About Fallbach Waterfall
The Fallbach Waterfall was a pretty easy waterfall to visit. In fact, it seemed like everything about my visit to this waterfall was with the family in mind. So not only was the walk to the base of this towering 200m nearly freefalling cataract easy to do requiring about 30 minutes total if you’re not lingering around, but there was a playground at the Erlebnispark (Adventure Park) adjacent to a good chunk of the walking path to get to the base of the waterfall.
Indeed, while some of the adults wishing to do the more ambitious excursions to the Fallbach, the kids could play in the playground, which was decked out with a rope-pulling raft, large slides, zip-line-like one-way hang pulleys, and a bunch of other things you’d find in most playgrounds.
Speaking of adult excursions, after paying 5 euros for adult admission (under age 3 are free; typically open from 9-5), I walked out the other side of the gift shop and took the right path to go around the kids playground on the left. The gradually ascending footpath was flanked by the playground on one side and a cow pasture on the other.
Eventually after reaching the end of the playground, I then crossed a fence and onto what appeared to be a continuation of the footpath to the lookout at the top of a small hill right at the base of the Fallbach Waterfall. The catch with this part of the trail was that there were cow patties everywhere as this was apparently part of the cow pasture.
Once I made my way up to the top of the short hill to get a closer more intimate look up at the Fallbach, I was also able to turn around and get nice views across the Maltatal Valley. In the morning, those views have perfect lighting, but I’d be looking against the sun at the waterfall. In the afternoon, the opposite would be true.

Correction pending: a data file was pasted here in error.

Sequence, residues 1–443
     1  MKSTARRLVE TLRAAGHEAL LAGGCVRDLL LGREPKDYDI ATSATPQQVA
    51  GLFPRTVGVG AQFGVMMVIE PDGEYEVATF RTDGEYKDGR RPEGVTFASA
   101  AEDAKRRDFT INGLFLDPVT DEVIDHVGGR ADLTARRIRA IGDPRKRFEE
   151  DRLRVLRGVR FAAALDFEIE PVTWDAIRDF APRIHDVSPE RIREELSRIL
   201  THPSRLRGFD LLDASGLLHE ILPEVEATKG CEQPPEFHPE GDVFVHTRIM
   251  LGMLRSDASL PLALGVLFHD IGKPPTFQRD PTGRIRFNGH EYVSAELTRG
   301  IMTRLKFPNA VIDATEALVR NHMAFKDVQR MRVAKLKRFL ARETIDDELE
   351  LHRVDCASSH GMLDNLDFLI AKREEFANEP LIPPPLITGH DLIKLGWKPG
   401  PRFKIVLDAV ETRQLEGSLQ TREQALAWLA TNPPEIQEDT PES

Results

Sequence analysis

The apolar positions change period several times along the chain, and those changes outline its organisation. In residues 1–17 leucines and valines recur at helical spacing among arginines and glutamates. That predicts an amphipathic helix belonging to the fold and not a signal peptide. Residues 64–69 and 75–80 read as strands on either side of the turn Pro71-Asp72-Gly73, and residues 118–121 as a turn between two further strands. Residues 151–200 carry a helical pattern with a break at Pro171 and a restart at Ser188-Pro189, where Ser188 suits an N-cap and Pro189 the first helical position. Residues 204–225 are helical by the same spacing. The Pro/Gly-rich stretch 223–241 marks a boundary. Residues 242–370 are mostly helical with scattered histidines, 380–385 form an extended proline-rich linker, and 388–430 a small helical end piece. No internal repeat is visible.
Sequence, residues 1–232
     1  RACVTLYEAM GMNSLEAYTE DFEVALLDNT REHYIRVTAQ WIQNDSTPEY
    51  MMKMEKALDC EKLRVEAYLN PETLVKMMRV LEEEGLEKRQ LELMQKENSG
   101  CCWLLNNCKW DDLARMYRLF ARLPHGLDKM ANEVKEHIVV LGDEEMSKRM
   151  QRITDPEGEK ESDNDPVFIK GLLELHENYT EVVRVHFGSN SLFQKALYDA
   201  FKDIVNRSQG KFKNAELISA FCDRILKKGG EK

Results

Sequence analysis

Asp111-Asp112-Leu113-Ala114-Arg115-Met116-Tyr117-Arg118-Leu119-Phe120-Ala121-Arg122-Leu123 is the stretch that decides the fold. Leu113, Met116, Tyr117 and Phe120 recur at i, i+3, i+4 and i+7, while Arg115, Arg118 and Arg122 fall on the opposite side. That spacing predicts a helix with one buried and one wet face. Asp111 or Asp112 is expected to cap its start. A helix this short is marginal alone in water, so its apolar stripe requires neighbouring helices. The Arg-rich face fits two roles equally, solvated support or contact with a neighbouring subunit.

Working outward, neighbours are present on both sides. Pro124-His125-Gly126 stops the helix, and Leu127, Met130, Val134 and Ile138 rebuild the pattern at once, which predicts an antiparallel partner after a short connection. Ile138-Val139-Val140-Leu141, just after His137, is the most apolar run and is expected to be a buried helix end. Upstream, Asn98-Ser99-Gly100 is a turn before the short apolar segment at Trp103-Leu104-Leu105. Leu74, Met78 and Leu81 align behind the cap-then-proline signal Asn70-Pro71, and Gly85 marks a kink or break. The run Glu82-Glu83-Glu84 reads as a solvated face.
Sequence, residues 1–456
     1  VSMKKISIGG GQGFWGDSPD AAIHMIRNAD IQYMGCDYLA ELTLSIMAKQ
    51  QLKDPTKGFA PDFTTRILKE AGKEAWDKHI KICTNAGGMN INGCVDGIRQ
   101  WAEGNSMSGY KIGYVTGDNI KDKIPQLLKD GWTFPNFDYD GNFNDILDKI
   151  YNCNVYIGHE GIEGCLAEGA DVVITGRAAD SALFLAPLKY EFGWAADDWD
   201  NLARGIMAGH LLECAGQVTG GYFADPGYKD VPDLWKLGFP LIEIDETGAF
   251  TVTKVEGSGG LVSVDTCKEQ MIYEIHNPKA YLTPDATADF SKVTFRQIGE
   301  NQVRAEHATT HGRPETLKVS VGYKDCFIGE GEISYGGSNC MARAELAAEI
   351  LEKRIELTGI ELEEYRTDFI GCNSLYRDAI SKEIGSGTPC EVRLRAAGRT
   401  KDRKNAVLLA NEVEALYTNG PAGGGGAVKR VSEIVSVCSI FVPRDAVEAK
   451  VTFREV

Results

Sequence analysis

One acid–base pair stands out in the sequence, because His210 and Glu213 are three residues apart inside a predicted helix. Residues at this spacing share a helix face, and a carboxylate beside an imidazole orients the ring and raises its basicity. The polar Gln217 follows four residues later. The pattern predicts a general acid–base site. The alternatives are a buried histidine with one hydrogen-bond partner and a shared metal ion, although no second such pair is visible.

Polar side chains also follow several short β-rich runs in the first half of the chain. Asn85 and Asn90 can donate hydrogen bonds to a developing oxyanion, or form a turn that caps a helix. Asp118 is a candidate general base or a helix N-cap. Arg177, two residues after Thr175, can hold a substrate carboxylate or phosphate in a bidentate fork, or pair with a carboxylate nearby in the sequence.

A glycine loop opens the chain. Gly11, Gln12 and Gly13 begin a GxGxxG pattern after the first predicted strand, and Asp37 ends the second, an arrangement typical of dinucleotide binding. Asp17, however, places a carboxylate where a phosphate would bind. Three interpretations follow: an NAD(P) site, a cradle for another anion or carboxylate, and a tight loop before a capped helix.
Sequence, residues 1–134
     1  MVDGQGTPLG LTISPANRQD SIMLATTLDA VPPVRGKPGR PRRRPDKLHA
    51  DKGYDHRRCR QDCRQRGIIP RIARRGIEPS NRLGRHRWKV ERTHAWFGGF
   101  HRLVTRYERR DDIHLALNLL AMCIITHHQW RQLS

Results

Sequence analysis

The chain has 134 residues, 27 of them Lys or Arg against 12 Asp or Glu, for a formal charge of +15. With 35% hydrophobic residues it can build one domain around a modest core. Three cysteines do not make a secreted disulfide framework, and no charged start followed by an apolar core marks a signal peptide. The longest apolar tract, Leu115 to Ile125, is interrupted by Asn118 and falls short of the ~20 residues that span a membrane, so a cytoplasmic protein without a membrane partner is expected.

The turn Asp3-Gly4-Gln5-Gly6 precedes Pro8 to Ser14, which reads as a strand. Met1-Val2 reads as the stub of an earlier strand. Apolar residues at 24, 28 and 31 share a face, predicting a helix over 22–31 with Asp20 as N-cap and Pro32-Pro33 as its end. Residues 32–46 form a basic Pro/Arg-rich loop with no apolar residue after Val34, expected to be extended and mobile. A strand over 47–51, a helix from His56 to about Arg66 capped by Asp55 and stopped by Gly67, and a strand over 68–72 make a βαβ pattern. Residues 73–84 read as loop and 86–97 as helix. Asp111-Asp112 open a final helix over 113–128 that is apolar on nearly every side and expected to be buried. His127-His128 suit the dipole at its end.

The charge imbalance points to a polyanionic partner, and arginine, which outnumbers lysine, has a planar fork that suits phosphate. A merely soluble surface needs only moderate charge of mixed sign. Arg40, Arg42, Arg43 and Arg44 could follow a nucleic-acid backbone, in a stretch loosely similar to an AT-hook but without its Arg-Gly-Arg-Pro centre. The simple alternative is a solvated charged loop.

It only took me about 45 minutes away from the car (15 minutes more than the recommended time), but I lingered for quite some time. Had Tahia taken the time to check out the playground, I could’ve easily lingered here a bit longer to let her play in the playground.
As for lingering for longer to do more ambitious excursions, I noticed on a map that there was a steep path taking you up to a lookout half-way up the full height of the Fallbach Waterfall. There were closure signs during my visit so I’d imagine that path was no longer possible due to the rockfall danger, I’m sure, but there was a longer trail from a different car park that would have taken you to the same spot on a more gradual trail as well as going all the way to the top of the waterfall.
Neither of those additional things I took part in, but it did seem like an option if the base of the Fallbach Waterfall was not enough for a satisfying time spent here.
Finally, there have been claims that Fallbach was the Carinthia Province’s highest waterfall, but a sign here conceded that title to the Melnikfall further up the Maltatal Valley at 300m in cumulative height. Either way, the signage here still considers this to be Carinthia’s mightiest waterfall given its high volume flow.
We managed to reach the Fallbach Waterfall after driving from Millstatt. Therefore, I’ll describe the driving directions from there.
From Millstatt, we drove west on the B98 for about 8km to the A10 autobahn ramp heading north (right). Once on the autobahn, we continued for about 9km. Then, we took the exit 130 for Gmünd, which swung us around for about 1km to a roundabout. We then took the second exit to keep straight and did the same thing at the next roundabout. Afterwards, we were on the Maltatal Landesstraße and we continued on this road for about 11km to the well-established car park for Fallbach on the right.
You can’t miss it because the Fallbach Waterfall was clearly visible from the Maltatal Landesstraße. Overall, this drive took us about a little over 30 minutes.
For geographical context, Millstatt was 85km (about an hour drive) west of Klagenfurt am Wörthersee, 75km (about an hour drive) east of Lienz , 99km (well over an hour drive) south of Sankt Johann im Pongau, and 151km (about 2 hours drive) southeast of Zell am See.
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